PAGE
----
Come this fall, some Canadians will finally have the option of getting a flu shot without the shot part.
Pharmaceutical giant AstraZeneca announced Wednesday that it has received Health Canada’s approval to bring its nasal spray vaccine, FluMist, to the Canadian market. The product has been on the U.S. market since 2003.
FluMist is the only non-injectable flu vaccine in North America. The vaccine is delivered to a recipient’s immune system by squirting a fine mist into a nostril.
AstraZeneca Canada intends to have the vaccine in Canadian pharmacies this fall and is in talks with provinces and territories in the hopes that FluMist will be included in their flu vaccination programs as well, said Marc Zarenda, scientific director for oncology and infection.
“FluMist is not presently available under any of the provincial influenza immunization programs. However, we are consulting with the health authorities about future coverage under their programs,” Zarenda said.
That probably won’t happen on a large scale in time for this year’s flu vaccination campaigns. For one thing, the panel of experts that advises on use of new vaccines in Canada — the National Advisory Committee on Immunization, or NACI — hasn’t had a chance to study the FluMist file and make a recommendation on its use.
Until NACI has studied the vaccine, it’s too soon to suggest it become part of provincial and territorial flu vaccination programs, the Public Health Agency of Canada said in an emailed answer to questions.
Also, provinces and territories will have already placed their orders with GlaxoSmithKline and Sanofi Pasteur, the two companies that currently have contracts to supply seasonal vaccine to the public market in Canada.
Under Canada’s pandemic influenza vaccine contract, GSK — which makes Canada’s pandemic vaccine — is guaranteed 75 per cent of the combined government seasonal vaccine purchases. Sanofi, which has long provided flu vaccine to the Canadian market, is guaranteed the other 25 per cent.
That leaves only the smaller private market to other flu vaccine makers approved to sell in Canada — Solvay Biologics and now AstraZeneca.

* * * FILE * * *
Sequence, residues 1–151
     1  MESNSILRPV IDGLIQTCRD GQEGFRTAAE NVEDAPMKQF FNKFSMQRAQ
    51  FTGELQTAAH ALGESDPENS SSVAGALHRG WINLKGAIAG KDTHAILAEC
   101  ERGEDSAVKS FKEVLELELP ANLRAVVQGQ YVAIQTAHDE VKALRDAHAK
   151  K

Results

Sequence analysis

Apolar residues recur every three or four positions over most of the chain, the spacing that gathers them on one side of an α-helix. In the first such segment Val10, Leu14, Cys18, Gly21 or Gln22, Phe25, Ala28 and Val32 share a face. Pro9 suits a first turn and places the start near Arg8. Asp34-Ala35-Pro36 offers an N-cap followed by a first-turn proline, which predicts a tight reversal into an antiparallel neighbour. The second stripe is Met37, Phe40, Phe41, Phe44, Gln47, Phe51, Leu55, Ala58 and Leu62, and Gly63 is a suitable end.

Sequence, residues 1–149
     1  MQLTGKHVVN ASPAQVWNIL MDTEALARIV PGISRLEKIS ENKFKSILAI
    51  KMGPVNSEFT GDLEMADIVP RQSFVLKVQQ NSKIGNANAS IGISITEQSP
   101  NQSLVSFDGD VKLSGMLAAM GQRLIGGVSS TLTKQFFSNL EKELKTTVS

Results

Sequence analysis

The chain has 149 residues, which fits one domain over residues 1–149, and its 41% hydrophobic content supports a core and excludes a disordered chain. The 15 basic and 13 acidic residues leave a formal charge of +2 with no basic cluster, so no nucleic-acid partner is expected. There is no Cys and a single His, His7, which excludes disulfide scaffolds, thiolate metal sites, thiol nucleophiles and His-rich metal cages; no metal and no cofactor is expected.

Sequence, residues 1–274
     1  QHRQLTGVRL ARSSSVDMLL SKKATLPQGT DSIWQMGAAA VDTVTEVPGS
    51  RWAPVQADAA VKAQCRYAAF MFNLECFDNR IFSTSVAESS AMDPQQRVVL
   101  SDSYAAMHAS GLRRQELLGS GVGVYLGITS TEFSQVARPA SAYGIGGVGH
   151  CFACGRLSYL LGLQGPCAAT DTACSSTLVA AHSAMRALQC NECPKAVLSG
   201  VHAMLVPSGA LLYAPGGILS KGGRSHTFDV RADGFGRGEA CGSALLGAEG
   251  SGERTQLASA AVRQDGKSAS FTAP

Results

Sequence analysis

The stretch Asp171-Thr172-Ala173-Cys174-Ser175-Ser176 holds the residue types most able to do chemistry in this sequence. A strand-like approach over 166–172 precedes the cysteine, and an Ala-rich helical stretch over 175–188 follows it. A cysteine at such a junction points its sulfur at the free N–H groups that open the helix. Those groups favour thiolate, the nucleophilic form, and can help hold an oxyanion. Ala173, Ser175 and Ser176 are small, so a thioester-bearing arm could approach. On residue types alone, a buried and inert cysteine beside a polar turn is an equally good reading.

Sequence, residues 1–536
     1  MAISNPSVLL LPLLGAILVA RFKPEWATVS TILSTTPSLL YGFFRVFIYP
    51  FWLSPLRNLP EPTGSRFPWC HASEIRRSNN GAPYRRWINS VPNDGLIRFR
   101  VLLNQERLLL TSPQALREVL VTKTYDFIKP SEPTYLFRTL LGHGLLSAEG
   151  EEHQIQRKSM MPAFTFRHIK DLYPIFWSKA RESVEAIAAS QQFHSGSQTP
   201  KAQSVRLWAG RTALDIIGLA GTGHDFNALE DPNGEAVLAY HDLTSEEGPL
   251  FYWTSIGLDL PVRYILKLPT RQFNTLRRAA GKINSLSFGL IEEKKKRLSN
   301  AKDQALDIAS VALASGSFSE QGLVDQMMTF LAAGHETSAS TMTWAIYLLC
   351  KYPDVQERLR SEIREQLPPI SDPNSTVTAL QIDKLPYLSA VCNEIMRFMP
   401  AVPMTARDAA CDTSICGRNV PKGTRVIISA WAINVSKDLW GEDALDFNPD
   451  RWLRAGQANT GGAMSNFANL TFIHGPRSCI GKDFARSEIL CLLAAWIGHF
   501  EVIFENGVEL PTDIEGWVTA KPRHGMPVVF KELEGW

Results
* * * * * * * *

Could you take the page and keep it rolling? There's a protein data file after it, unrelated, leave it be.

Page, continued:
But the 10-year pandemic vaccine contract expires next March and the federal, provincial and territorial governments are already at work trying to figure out how to divide up the pie going forward.
Ontario’s chief medical officer of health said a non-injectable vaccine is an attractive option.
“I think … this is potentially an exciting development,” said Dr. Arlene King, who for years was Canada’s point person for pandemic preparedness while working at the Public Health Agency of Canada.
“Being both needle-free and painless are obviously another couple of characteristics that we’ll have to consider as we move forward with considering what kinds of vaccines we offer through our publicly funded flu (vaccine) program,” she said.
“Understanding the limitations of the live attenuated influenza vaccine product, we look forward to considering this as part of our potential suite of vaccines that could be offered in the country.”
The limitations King referred to relate to restrictions on who can use FluMist. Unlike injectable flu vaccines, which are made with killed viruses, FluMist contains weakened live virus.
The vaccine works by initiating infection with the weakened flu viruses, which is quickly shut down by the immune system. The antibodies developed in that process fight off infection later on if the vaccinated person is exposed to influenza viruses.
Because live virus is used, the vaccine is not recommended for use in pregnant women or nursing mothers. It’s also not approved for use in children under two years or age or people over age 59. Zarenda said FluMist will be sold through pharmacies.
Purchasers will be instructed to take the vaccine to a health-care professional to have it administered, though in Alberta pharmacists will be able to administer the vaccine themselves.
He said the company hasn’t yet fixed a price for the vaccine.